The Budget for each year is essentially a statement of income and expenditure of the Government. However, with the expansion of the Indian economy, it has acquired the role of a policy document. The Budget presented by the Finance Minister, Smt. Nirmala Sitharaman, is a policy document for the medium term. It is a budget of a continuing government, which has to accelerate the direction of the past. It expands the roadmap on which the Prime Minister has built up India’s growth story from 2014-19. The striking part of this period was that for a five year average, India grew by 7.3%, it’s revenues grew exponentially and it brought macro stability back with both the Current Account Deficit and the Fiscal Deficit being on the glide path downwards. The present Budget maintains that path based on the premise that economies which are fiscally prudent, eventually get rewarded as against those who indulge in fiscal adventurism.
A fundamental question has always been asked as to what would one choose between good economics and clever politics. The choice is unfair because any Government needs both in order to survive and perform. The Prime Minister’s first tenure witnessed this blending of good economics and good politics. The change, which was facilitated by the Jan Dhan Accounts and the AADHAAR, laid the foundation for Direct Benefit Transfer to those who needed State support. Subsidies were no longer an unknown amount of money being distributed to an unidentifiable class of people. Subsidies in the form of transfer of facilities to the poor is an example of the blending of good economics and good politics. The villages get roads, the poor get houses, and every household got a toilet, a gas connection and an electricity connection. Fifty crore people got hospital treatment upto Rs.5 lakh per year. Their lives became liveable with at least these basics. To carry this path forward, completion of the rural housing being constructed and delivered to the poor, and the conclusion of the remaining part of the gas connection programme, the Budget takes upon itself the task of concentrating, in the next five years, on a ‘tap for every home’. For this, it is necessary to clean up our rivers and have an adequate water management.
The last five years had seen a lot of emphasis on infrastructure. The Finance Minister has rightly given top priority to infrastructure. This priority is self-evident in the fact that the rural roads programme connecting every village with a motorable road is nearing completion. The National Highways are moving at a pace faster than ever before. Adequate amount of allocations have been made in the Budget for this. The railways is one of the top priorities of the Government. Besides faster trains, modernised coaches, additional railway safety measures, very soon India will witness the modernisation of its railway stations similar to what today has happened to the airports. Increase in port capacity, further development of inland water transportation and expanding the aviation sector to the remotest corner of the country is the roadmap which the Finance Minister has presented. This will be the India of 2024.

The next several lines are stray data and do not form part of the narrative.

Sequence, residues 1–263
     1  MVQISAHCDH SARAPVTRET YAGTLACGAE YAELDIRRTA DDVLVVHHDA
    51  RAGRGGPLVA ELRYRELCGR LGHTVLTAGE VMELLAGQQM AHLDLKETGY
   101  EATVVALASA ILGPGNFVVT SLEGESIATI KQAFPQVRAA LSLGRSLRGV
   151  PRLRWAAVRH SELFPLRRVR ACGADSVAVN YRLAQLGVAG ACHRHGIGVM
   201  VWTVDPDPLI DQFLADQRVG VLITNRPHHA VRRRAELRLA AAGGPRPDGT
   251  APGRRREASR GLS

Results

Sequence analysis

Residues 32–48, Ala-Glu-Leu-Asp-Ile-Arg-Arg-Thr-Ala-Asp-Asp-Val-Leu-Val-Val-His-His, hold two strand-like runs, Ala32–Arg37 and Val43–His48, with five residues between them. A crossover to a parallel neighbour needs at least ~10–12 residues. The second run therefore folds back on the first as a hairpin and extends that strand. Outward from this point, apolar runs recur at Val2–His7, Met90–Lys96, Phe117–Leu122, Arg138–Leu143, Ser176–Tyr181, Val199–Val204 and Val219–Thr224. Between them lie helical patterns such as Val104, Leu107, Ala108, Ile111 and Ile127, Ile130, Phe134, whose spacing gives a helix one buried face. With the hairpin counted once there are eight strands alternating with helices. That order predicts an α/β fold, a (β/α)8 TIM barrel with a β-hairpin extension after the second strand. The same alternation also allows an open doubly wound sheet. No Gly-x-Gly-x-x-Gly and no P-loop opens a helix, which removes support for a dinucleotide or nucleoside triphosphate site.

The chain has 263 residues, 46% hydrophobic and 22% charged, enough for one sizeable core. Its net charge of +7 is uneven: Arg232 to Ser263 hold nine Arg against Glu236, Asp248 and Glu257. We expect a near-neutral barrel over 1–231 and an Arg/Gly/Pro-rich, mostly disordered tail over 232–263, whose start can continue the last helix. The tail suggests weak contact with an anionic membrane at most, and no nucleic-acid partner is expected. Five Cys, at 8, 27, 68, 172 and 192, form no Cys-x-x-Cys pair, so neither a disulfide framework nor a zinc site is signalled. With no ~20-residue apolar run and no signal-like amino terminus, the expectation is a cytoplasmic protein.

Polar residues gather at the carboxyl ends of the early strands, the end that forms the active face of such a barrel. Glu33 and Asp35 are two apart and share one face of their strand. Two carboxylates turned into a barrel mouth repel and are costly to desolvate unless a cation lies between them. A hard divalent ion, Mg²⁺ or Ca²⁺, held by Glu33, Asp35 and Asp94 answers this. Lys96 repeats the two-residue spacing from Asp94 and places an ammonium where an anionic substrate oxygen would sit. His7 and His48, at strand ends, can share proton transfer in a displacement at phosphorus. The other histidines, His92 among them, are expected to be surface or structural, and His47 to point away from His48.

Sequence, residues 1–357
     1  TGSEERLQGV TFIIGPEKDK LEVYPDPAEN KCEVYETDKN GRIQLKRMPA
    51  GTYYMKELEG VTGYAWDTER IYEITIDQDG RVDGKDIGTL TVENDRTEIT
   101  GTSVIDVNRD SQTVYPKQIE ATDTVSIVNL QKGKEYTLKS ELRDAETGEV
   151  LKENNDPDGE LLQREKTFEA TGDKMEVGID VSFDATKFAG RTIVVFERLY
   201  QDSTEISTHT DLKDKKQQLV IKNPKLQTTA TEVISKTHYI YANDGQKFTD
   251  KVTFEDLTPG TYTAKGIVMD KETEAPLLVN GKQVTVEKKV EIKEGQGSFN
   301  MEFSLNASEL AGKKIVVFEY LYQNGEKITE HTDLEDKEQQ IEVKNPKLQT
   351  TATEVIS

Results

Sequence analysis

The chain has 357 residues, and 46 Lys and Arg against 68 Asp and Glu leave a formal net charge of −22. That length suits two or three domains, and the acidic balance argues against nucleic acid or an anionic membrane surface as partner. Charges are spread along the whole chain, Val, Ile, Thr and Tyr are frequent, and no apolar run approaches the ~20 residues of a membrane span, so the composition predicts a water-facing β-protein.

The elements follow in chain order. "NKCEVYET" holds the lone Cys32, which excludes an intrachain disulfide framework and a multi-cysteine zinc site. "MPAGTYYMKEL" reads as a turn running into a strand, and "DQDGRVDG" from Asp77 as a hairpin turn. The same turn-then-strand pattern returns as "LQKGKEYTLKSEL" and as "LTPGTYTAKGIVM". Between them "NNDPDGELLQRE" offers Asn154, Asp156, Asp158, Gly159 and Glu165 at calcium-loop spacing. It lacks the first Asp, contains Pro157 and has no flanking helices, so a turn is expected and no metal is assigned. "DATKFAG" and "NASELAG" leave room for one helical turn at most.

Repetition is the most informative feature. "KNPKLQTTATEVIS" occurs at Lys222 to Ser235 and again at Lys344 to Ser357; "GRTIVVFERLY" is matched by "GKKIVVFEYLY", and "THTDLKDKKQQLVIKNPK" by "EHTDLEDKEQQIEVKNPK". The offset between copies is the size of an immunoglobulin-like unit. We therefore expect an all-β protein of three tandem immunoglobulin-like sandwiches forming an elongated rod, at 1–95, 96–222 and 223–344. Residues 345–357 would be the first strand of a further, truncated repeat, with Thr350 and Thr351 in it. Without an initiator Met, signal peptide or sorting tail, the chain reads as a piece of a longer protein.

Modernisation of our cities with all-weather roads, an effective metro system, better urban roads are being given an impetus. The Government is committed to providing housing to the weaker sections in both rural and urban areas. A major tax incentive has been given to those who borrow to buy affordable houses. This move will not merely help the system to utilise the unsold stock of affordable houses but will also be instrumental in injecting liquidity into the real estate market.
The direction of reforms in the banking and financial sector has been maintained. Consolidation of public sector banks is being undertaken so as to have fewer but mega and financially strong banks. A sizeable allocation has been made for recapitalisation of banks so that their capacity to lend for growth improves. The Budget contains concrete proposals about support to the NBFCs whose liquidity, for the last several months, was under strain and had reduced the purchasing power of consumer. The sectors most affected by this were real estate, automobiles and the MSMEs.
While the GST reforms are being carried out by the GST Council, a lot of simplification for direct tax assesses has been proposed. Besides affordable housing, electric vehicles and start-ups are the sectors on which the Budget places an adequate emphasis. In the last two years, when the global crude oil prices had hardened, duties had been cut by the Central Government on at least two occasions in a major way. It is the softening of the crude oil prices which has persuaded the Government to raise the excise duty on petrol and diesel marginally so that this money could be transferred to a special fund meant for infrastructure creation, particularly for the National Highways and the rural roads programme.
The Budget creates a political direction for an aspirational India. The economically weaker sections get the basic amenities of life. Besides the income-tax exemption limit having been increased to rupees five lakhs in the interim Budget a few months ago, several sectors of interest to the middle class and the neo-middle class have been incentivised. These, in particular, include affordable housing and electric vehicles. Massive infrastructure creation also has the ability to generate employment and attract investment. So does a boost to the construction and real estate sector. India will continue to be the fastest growing major economy in the world. In the last two to three quarters growth has seen a moderation. Unquestionably, the Budget as a policy document lays down the roadmap for India to get back on track.